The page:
The newly constructed 27-turn street circuit is playing host to the inaugural Saudi Arabia Grand Prix and is set to provide a whole new challenge to drivers thanks to its blend of fast flowing high-speed blind corners.
After scoring his fourth consecutive F2 pole position for Sunday’s feature race, the Alpine Formula 1 reserve driver admitted the circuit got “the adrenaline pumping” before likening the track to a street circuit version of Silverstone.
“My closest description for it is basically Silverstone with concrete walls on either side,” said Piastri.
“It is pretty nuts and to be honest I was surprised we didn’t have any yellow or red flags in qualifying, so that was nice.
“It is a very unique circuit and it is not something we have seen before. It adds in a bit of fear factor when you have walls either side. That is the only way I can describe it.
“It’s a street circuit at unbelievably high-speed and it definitely gets the adrenaline pumping.”
Piastri’s Prema Racing team-mate Robert Shwartzman, who was pipped to pole by the Australian, is also a fan of the new facility and said the track reminded him of Macau.
“It reminds me more of Macau to be honest but a smooth and fast Macau,” said Shwartzman. “I think a few people forgot what that circuit was like. It is quicker and smoother but it doesn’t allow you to do a mistake. I really like the track.”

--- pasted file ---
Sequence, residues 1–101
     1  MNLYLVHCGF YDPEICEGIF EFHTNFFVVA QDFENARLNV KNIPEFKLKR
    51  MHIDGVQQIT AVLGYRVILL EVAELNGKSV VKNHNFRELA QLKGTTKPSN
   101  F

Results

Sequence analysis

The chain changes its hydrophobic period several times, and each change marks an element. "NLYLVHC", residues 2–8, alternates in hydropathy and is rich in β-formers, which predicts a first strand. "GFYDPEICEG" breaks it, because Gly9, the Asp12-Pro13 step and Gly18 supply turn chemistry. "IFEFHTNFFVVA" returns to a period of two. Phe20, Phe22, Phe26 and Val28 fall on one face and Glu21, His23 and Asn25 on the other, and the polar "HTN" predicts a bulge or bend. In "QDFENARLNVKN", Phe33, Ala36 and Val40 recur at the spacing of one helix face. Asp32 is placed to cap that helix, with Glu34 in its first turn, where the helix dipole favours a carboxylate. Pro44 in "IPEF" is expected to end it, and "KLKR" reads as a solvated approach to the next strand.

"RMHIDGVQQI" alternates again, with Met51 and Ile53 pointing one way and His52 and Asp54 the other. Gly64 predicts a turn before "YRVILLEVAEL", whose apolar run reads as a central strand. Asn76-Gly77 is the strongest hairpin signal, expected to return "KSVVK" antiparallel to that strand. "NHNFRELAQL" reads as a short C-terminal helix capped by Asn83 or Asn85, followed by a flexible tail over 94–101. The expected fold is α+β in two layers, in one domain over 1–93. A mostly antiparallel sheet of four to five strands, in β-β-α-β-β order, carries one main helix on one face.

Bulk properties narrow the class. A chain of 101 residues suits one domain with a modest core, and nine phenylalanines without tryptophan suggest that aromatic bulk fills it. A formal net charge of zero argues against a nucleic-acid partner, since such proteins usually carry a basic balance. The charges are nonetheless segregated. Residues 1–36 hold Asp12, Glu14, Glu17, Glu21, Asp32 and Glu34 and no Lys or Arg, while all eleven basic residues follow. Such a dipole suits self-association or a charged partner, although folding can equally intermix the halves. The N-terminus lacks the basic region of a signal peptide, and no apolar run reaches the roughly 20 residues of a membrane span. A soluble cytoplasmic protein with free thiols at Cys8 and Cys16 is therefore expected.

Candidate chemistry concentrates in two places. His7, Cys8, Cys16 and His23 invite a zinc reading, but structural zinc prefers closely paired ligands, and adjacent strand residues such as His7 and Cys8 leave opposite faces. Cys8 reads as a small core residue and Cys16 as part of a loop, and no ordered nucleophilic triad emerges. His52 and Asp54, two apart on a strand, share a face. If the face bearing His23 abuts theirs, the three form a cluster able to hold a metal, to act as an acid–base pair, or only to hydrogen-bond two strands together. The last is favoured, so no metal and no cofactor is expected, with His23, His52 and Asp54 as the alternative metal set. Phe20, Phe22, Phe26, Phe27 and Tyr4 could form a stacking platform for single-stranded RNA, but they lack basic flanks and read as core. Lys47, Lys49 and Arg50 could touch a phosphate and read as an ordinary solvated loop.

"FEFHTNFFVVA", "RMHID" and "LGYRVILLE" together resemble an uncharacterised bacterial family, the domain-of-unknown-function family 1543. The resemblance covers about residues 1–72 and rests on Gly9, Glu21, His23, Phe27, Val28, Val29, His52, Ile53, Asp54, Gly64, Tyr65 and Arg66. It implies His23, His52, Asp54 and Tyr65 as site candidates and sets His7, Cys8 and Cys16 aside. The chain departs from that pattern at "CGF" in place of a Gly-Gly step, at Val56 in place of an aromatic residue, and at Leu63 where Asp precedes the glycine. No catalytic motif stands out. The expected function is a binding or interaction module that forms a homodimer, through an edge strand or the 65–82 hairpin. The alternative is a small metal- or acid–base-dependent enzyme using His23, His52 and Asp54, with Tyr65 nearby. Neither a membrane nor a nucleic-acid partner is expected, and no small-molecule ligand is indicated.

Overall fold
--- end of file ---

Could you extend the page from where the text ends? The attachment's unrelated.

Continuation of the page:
Robert Shwartzman, Prema Racing
Photo by: Formula Motorsport Ltd
While the general consensus of the circuit appears to be positive, given its series of high speed corners, Shwartzman expects it will be difficult to complete overtaking moves in the races.
“To be honest I don’t know, it seems pretty difficult,” said Shwartzman when asked about the ease of overtaking at the venue.
“There are high speed corners so it is not the easiest track to follow. I think it will be easier in race three with the different strategies and tyre compounds. We will see how it is going to go.”
Both Piastri and Shwartzman agreed that the nature of the circuit will require drivers to race with an element of caution to avoid being caught up in any potential incidents that occur around blind corners.
“I don’t have any concerns particularly,” said Piastri.
“You have got to treat it like any other street circuit really, because at Monaco, for example, if you see a yellow flag you know somebody is going to be stuck in the middle of the track, it is the same here.
“As drivers I think we need to take a bit more caution as we can’t see, also the marshals have to be on it, and of course they have to be on it at every circuit, but here, yes, there is a bit more importance. I think they will be fine on that.”
Shwartzman added: “We just need to be careful and conscious about what is happening. The yellow flags are a bit more important compared to a usual race track. Hopefully there won’t be a lot of crashes and yellow flags.”Internet Explorer Channel Network